The female orgasm is a scientific gray area that continues to elude the greatest minds of our time. It wasn’t until 1990, and yes, you read that right, that the complete anatomy of the human clitoris was found by Australia’s first female urologist, Helen O’Connell. If that didn’t tip you off about the state of medical science in regards to the female reproductive system, let me elaborate. According to Genital Evolution: Why Are Females Still Understudied?, the female anatomy has been largely, and still continues to be, studied by men. Gender bias is alive and well in the scientific community, and this male-dominated field is largely responsible for the lack of knowledge surrounding the female reproductive system; men tend to focus on men’s issues, and the same can be said for women. This has built a rich history of sex discrimination, misconception surrounding sex and the female reproductive system, and socio-cultural stigma and structural oppression against women.
The history of the female orgasm is chock full of misconceptions and myths made up and perpetuated by physicians and psychologists, the most famous of which being Sigmund Freud, who argued that the vaginal orgasm (an orgasm arising via the stimulation of the vaginal canal) was the superior and “more mature” orgasm. There is no evidence to support this claim, especially given that, according to a study from Indiana University, only 21-30% of women achieve orgasm from penetration alone. This myth perpetuated the idea of “Female Hysteria” or the “condition” that included a wide array of symptoms including, but not limited to, anxiety, fainting, sexual desire, loss of appetite for food or sex, and the “tendency to cause trouble for others”. It was believed that the womb was able to wander about the body and that male ejaculation had medicinal properties that could alleviate this condition. Women were routinely assaulted by medical professionals as well as their husbands in order to “cure” this nonexistent disease. Using sex and vaginal stimulation as a remedy for hysteria is how the vibrator was invented.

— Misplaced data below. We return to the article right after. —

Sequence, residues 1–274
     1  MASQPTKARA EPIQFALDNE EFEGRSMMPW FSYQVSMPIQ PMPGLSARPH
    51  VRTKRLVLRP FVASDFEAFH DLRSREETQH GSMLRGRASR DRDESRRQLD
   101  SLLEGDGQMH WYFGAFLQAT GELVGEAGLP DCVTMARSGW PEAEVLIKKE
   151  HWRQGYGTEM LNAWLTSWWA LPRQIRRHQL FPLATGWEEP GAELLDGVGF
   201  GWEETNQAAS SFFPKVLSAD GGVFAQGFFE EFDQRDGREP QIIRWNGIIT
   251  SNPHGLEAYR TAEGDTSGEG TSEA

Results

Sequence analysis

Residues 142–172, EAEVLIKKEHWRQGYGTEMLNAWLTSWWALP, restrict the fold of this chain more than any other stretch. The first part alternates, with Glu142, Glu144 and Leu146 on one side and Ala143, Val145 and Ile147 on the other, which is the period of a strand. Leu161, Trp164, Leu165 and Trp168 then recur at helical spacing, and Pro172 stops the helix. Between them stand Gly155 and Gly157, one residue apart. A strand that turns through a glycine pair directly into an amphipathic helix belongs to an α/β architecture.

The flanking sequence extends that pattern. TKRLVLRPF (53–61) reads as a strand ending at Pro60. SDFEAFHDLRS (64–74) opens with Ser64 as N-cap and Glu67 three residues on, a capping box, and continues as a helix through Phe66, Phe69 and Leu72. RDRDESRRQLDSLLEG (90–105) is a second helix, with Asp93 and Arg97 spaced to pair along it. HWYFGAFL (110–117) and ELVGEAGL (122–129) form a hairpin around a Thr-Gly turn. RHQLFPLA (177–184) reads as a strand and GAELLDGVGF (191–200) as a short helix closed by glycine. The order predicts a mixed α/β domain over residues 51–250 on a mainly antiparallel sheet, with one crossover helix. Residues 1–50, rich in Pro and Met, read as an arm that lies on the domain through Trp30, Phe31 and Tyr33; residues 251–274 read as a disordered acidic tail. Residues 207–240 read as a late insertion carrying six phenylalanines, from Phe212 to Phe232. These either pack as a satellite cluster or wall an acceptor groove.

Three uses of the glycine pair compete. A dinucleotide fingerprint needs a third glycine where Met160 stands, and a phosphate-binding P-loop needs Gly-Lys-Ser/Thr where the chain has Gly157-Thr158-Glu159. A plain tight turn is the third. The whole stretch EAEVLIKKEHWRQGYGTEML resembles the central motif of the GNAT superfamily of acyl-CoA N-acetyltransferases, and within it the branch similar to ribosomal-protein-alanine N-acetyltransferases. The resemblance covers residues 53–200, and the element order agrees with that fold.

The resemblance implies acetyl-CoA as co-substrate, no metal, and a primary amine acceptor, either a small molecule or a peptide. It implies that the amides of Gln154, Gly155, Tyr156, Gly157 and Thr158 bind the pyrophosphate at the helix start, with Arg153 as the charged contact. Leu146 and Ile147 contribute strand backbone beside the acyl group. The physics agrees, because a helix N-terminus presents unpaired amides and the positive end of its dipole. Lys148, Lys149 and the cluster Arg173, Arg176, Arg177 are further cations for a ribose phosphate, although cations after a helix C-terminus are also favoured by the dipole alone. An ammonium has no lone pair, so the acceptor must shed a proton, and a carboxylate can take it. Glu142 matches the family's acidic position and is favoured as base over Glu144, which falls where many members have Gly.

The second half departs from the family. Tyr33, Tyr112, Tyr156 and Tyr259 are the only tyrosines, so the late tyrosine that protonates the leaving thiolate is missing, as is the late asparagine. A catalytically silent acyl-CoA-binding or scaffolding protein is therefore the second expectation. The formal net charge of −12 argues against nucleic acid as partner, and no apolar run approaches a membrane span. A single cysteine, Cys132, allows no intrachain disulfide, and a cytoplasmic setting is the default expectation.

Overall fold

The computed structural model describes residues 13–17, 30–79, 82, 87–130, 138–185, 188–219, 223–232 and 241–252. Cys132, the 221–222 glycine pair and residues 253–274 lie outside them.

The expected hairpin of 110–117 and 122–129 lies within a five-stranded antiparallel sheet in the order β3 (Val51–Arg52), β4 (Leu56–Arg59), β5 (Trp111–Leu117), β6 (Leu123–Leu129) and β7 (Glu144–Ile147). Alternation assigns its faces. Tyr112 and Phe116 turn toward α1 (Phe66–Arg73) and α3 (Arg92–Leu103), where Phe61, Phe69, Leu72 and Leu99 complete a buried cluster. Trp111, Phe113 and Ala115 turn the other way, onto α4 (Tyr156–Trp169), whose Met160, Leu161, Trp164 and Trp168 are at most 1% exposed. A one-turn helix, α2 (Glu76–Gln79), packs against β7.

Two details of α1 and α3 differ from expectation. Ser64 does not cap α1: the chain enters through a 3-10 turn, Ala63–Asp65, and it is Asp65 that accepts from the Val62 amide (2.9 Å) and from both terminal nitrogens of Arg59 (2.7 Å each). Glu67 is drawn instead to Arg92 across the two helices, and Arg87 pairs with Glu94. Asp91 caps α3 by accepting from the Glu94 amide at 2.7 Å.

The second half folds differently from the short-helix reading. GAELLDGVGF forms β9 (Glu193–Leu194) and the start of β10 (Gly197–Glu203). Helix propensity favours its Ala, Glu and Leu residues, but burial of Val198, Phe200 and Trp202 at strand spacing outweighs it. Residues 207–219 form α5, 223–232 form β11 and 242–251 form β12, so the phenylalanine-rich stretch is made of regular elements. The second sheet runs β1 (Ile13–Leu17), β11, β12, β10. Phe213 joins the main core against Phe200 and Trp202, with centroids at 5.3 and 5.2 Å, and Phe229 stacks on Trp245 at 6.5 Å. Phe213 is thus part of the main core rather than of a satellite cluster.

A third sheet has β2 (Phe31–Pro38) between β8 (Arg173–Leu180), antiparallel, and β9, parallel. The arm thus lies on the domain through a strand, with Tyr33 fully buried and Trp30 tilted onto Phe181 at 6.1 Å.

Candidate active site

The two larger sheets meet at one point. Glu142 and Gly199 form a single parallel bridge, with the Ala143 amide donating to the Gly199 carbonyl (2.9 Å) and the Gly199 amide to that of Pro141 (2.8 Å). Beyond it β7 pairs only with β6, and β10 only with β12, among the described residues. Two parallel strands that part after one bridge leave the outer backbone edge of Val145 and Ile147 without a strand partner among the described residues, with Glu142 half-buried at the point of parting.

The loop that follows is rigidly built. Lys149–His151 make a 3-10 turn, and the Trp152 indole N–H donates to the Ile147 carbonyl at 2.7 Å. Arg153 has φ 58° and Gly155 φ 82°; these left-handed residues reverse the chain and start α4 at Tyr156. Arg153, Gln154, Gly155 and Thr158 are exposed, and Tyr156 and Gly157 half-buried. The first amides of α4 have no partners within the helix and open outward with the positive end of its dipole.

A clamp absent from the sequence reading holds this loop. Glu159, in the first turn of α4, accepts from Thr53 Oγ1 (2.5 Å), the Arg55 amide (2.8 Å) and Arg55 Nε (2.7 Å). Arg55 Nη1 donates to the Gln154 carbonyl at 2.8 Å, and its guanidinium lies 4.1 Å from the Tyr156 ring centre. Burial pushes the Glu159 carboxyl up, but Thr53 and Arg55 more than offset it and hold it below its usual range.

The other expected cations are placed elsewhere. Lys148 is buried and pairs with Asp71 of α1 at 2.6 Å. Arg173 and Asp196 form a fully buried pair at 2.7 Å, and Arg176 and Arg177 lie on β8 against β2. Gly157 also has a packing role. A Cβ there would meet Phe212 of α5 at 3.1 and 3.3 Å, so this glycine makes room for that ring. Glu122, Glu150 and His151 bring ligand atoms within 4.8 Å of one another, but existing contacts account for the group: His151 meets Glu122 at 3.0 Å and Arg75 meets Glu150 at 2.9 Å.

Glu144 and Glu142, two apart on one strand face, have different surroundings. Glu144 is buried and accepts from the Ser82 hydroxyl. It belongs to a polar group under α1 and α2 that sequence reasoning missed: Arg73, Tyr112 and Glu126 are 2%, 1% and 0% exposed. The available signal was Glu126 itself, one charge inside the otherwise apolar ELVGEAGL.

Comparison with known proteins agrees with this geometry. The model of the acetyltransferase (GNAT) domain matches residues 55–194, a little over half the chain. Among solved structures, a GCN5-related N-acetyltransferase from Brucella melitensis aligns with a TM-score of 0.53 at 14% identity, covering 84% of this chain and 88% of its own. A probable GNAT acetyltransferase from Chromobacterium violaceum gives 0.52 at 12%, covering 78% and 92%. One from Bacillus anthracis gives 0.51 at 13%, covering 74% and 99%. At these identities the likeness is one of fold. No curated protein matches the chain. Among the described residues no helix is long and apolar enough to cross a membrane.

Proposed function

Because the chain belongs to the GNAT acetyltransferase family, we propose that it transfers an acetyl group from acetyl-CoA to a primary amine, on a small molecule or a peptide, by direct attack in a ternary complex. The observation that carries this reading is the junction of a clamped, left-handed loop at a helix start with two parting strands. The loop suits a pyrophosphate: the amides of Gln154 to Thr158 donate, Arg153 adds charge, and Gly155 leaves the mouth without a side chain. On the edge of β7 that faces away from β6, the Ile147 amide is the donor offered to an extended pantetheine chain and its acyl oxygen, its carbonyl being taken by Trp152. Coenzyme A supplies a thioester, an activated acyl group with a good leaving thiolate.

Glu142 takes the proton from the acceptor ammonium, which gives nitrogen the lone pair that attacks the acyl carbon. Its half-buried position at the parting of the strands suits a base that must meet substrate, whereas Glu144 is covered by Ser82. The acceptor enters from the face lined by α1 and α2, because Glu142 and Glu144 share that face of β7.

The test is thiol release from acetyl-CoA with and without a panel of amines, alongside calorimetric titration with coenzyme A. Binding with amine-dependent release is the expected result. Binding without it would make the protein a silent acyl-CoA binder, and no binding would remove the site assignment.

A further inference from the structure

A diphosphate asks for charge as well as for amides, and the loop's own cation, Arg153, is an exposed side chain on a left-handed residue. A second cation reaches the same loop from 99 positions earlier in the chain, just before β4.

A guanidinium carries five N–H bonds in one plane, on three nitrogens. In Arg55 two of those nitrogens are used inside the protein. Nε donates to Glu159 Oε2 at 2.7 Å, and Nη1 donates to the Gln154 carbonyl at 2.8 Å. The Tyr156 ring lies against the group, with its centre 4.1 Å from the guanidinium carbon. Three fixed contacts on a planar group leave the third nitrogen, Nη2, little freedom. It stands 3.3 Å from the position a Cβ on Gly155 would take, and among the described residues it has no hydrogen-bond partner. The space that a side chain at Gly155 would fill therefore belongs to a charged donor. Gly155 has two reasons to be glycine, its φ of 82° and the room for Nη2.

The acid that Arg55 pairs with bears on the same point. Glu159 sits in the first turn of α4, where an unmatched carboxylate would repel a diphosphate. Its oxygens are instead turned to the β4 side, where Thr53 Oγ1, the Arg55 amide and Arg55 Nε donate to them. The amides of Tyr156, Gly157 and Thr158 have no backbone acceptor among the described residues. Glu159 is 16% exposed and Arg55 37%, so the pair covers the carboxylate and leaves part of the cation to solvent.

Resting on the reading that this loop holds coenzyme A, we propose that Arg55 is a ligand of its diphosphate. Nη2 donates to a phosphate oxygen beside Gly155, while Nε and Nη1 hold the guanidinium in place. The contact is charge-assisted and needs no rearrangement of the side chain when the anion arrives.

The female orgasm is indeed real, but is the G-spot? This is widely debated by the scientific community, and even by everyday men and women. There has yet to be evidence that definitively supports or denies the existence of said Grafenberg spot (hot name, right?), which was first postulated to be the female equivalent of the prostate. Some, who believe in its existence, believe it is an extension of the clitoris, which is why (if indeed real) stimulation of this area leads to intense orgasms and sometimes female ejaculation. Going back to Helen O’Connell, we know that the clitoris extends far beyond what we can see. “The vaginal wall is, in fact, the clitoris,” said O’Connell. “If you lift the skin off the vagina on the side walls, you get the bulbs of the clitoris – triangular, crescental masses of erectile tissue.” Dr. O’Connell believes that the G-spot is only present in women who have extensive clitoral tissues and nerves than others.
All in all, the female orgasm is still a mystery yet to be solved. The Sherlock Holmes of the female reproductive system has yet to be called upon, and until that day, we may never understand the evolutionary reasons behind the female orgasm, and why so few women experience them the same ways, if at all. Until then, I advise all of you with a female reproductive system to find time to explore yourselves. Knowing your own body is a necessity–both medically and sexually. You never know when understanding your own body will come in handy. — Haley Berger